sitting within their pod. The oil from soybeans, mixed with ferulic acid
esters, makes SoyScreen an effective sunscreen. Click the image for more
information about it.
USDA Agency Grants License on Soy-Based
Sunscreen By Jan
Suszkiw November 3, 2005
SoyScreen, a biodegradable sunscreen derived from soybean oil, could
be a step closer to becoming a commercial product for health-conscious
On October 3rd, the Agricultural Research Service (ARS) granted an exclusive license on the
patented sunscreen technology (US no. 6,346,236) to iSOY Technology Corporation
of Cary, Illinois. The license stems from a cooperative research and
development agreement (CRADA) in which iSOY is working with ARS chemists
Compton to scale up production of SoyScreen, as well as create variations
of it having different properties.
They developed SoyScreen at the ARS
Center for Agricultural Utilization Research in Peoria, Ill., where 100
full-time scientists explore innovative new ways to create value-added products
from U.S. crops, particularly corn and soybeans.
In SoyScreen, they envision a skin- and hair-care product that could
expand the market for U.S. soy oil. Of the 17.6 billion pounds consumed
domestically, 628 million pounds of soy oil is used for industrial purposes,
according to the American Soybean
SoyScreen owes its sunburn-preventing properties to ferulic acid, an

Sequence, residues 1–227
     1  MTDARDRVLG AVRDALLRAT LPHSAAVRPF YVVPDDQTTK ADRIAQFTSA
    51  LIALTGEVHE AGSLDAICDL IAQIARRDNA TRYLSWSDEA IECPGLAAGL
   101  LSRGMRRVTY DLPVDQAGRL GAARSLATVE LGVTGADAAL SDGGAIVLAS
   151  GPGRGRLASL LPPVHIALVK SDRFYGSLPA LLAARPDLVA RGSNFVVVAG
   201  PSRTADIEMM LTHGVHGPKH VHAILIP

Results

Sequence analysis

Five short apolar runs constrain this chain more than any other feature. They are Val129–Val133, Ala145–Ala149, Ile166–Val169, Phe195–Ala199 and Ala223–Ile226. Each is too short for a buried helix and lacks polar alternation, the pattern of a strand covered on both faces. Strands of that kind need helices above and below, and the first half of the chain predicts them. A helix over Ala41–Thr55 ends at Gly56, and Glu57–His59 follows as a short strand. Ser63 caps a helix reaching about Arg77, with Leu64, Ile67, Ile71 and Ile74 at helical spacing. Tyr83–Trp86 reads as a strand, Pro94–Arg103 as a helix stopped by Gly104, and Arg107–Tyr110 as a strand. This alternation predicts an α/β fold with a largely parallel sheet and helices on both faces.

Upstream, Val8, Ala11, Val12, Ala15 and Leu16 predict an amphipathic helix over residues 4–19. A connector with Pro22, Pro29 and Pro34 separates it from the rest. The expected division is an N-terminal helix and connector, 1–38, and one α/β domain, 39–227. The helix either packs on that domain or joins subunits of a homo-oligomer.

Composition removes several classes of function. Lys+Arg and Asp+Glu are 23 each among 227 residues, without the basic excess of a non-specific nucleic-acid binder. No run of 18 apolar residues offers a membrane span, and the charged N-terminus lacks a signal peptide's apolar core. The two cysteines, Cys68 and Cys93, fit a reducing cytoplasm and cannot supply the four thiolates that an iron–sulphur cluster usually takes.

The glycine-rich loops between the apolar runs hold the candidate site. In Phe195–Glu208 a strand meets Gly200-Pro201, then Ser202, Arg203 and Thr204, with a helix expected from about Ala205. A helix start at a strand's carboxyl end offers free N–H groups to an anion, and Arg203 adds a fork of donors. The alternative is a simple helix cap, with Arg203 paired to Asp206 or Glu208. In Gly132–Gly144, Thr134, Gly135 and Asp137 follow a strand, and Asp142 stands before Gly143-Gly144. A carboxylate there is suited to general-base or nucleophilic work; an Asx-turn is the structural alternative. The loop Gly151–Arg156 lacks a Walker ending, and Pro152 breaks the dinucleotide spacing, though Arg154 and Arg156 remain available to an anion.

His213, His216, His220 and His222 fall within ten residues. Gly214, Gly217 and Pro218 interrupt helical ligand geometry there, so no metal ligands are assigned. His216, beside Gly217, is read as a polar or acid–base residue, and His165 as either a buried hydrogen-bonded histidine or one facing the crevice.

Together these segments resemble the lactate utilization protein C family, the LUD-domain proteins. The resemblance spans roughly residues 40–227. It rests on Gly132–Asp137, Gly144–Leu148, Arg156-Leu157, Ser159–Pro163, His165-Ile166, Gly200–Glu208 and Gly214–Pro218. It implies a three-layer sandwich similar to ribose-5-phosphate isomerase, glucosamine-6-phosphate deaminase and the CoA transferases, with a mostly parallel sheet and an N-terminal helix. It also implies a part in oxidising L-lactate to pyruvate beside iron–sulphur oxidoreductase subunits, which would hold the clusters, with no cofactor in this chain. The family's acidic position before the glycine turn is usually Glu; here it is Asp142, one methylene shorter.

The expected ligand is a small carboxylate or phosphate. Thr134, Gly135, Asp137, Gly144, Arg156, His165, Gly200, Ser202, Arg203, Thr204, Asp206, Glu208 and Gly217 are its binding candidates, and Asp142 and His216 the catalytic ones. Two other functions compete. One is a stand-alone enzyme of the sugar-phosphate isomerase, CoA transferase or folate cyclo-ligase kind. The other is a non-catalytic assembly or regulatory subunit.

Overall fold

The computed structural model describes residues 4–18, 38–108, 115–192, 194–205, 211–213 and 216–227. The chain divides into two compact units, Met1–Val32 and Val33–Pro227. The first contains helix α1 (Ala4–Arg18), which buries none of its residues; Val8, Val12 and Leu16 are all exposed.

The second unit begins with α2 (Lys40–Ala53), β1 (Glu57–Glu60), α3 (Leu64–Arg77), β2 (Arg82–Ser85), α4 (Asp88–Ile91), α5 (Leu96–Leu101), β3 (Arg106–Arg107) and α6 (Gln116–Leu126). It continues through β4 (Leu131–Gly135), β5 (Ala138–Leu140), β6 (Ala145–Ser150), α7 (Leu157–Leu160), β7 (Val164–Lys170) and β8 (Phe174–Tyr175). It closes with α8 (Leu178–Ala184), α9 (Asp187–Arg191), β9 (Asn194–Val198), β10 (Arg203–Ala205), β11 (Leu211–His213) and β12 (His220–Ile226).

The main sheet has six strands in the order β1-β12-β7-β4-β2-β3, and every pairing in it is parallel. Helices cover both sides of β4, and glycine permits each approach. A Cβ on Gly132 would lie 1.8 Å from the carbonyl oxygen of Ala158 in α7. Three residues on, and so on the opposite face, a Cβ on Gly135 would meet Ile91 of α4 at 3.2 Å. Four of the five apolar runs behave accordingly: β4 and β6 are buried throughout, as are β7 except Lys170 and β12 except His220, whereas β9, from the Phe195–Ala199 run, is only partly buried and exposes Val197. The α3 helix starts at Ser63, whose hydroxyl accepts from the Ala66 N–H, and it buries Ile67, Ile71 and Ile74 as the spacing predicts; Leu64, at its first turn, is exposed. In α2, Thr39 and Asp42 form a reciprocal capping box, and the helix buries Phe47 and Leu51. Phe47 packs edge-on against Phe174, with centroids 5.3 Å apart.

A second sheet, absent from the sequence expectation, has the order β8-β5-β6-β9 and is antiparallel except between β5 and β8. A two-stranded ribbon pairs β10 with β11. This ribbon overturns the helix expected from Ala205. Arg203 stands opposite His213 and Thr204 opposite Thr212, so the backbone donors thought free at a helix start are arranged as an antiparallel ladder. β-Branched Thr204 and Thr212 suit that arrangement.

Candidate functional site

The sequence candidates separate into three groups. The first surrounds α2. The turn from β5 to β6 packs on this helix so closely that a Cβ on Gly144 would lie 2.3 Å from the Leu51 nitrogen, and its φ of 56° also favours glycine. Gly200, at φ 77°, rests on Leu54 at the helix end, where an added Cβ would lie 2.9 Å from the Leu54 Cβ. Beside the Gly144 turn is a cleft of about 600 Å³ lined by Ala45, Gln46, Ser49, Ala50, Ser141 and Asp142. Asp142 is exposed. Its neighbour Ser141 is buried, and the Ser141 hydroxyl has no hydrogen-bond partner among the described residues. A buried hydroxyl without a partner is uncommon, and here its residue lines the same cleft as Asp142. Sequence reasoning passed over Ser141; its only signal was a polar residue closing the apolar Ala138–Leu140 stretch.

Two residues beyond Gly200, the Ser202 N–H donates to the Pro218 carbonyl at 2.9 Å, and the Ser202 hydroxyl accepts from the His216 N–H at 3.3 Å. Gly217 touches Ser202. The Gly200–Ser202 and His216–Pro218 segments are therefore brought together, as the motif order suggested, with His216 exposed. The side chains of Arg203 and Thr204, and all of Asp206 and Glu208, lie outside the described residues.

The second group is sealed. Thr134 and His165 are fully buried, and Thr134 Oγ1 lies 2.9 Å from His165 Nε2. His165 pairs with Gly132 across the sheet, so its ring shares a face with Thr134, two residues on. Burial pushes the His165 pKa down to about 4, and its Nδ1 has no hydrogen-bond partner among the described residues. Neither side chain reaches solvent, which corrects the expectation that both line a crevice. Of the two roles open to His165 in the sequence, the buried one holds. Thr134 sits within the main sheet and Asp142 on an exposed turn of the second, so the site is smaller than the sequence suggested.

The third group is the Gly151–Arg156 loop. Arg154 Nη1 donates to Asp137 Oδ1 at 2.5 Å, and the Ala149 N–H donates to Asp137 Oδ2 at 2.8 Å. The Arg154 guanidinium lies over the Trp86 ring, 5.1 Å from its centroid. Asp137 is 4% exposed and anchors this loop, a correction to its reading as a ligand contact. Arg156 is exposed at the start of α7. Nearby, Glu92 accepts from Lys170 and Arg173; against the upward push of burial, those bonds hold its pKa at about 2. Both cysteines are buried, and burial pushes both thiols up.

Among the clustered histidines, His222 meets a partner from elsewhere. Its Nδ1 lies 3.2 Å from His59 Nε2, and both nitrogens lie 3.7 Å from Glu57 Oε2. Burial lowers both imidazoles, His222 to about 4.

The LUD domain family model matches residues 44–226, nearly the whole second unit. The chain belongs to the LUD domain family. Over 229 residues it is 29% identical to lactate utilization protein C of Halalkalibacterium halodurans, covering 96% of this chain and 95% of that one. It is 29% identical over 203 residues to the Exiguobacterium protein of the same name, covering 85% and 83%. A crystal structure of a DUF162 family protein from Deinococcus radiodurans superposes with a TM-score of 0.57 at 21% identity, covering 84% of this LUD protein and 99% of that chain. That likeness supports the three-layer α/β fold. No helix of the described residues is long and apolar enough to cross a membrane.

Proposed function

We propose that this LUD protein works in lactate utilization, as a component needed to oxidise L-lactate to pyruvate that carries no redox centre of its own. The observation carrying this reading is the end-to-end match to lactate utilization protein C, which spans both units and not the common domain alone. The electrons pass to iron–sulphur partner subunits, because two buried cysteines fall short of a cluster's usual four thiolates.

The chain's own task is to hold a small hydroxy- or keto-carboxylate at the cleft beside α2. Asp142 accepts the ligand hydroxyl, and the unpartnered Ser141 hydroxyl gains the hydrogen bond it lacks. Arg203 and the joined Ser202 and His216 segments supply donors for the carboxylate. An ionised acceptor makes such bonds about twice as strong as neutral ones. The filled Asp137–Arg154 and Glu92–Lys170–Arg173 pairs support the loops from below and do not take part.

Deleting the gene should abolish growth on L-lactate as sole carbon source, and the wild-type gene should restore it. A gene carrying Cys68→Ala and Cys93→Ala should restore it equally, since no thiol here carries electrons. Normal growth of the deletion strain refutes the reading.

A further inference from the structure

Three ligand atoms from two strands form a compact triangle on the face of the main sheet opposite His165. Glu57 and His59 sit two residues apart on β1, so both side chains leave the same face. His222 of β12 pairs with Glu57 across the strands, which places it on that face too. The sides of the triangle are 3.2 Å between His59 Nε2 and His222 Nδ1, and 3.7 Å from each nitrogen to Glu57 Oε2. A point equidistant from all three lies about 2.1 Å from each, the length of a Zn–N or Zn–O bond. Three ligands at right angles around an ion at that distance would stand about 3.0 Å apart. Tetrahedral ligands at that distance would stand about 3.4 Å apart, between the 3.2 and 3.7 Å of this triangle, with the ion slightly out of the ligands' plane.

antioxidant in rice, oats and other plants. To keep the antioxidant from
dissolving in water, the Peoria researchers chemically bound it to soy oil
using lipase enzymes and heat in an environmentally friendly process called
biocatalysis. The resulting lotion won't wash off from swimming or sweat, and
is non-polluting, according to Laszlo, in the ARS center's
and Processing Technology Research Unit.
In sun-protection-factor tests there, SoyScreen filtered out harmful
ultraviolet light as well as four chemical UV absorbers: oxybenzone,
dioxybenzone, octyl methoxycinnamate and padimate-O.
ARS patented the technology in February 2002 on behalf of the U.S.
Department of Agriculture (USDA). iSOY is
collaborating with Laszlo and Compton under a CRADA with ARS and the
Biotechnology Research and
Development Corporation, which helps finance commercial-sector development
of new lab-bench technologies. iSOY anticipates initial markets in skin-, hair-
and related personal-care products.
ARS is the USDA's chief scientific research agency.